CMU staff honor memory of former trustees assistant Marykaye Murphy



Marykaye Murphy, former Central Michigan University Board of Trustees assistant, passed away Saturday.

Murphy, 71, worked at CMU for 43 years, serving for 40 of those years as Board of Trustees assistant. She is survived by three children and 11 grandchildren. A Mass of Christian Burial will be held at 9:30 a.m. Wednesday at Sacred Heart Catholic Church. Condolences can be sent to www.charlesrlux.com.

Murphy retired in October 2011 following a battle with cancer that made it too difficult for her to work.

“Especially in the last few years when her health was declining, she was the personification of grace under pressure,” said Mary Jane Flanagan, executive assistant to University President George Ross. “She was really an example to all of us.”

Flanagan worked for the last 10 years as Murphy’s supervisor and said she was well-liked by all. Since Murphy’s death, Flanagan has received numerous sympathy emails from former board of trustee members who spoke highly of their experience working with Murphy.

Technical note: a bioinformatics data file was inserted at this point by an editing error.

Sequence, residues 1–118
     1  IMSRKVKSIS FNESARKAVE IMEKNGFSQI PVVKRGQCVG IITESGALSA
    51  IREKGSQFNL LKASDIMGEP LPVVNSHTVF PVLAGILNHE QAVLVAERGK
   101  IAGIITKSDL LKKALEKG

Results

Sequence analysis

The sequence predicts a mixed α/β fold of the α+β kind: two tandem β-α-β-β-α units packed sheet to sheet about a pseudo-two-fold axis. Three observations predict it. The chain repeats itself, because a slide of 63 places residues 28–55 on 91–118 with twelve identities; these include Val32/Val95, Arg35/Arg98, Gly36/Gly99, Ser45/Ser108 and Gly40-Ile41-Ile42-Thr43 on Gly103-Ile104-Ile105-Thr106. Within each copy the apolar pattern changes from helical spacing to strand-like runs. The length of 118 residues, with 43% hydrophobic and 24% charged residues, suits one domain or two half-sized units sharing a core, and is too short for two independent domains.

“I figured out that (Murphy) worked with 50 individual board members and eight different presidents over her time at CMU,” Flanagan said. “When she retired, she took a lot of institutional knowledge with her.”

In 2008, Murphy earned the Staff Excellence Award. Flanagan said Murphy was completely professional and taught her to always have the ability to joke.

Murphy’s experience of working with so many different styles of people made her flexible and friendly, Flanagan said.

“She had the ability to bend like a willow,” Flanagan said.

Bob Rulong, former director of external relations, worked with Murphy for 26 years. He said she had become a very good friend.

“Her colleagues often said she should have run for political office, because no matter (who) the board members (were), Marykaye always got along with everyone on that board,” he said. “Members of the board of trustees . . . thought the world of her.”

Murphy was one of the most dedicated employees at CMU, Rulong said, with a work ethic second to none. Even when cancer hindered her ability to work, she fought bravely, he said.

“She was a real treasure for CMU,” Rulong said. “She will be missed.”

Steve Smith, director of public relations, praised Murphy’s work and commitment to CMU, even in the face of her own illness.

“It was always a priority to make sure stuff was done right, even when she was going through such personal issues,” Smith said. “She was just a great lady"


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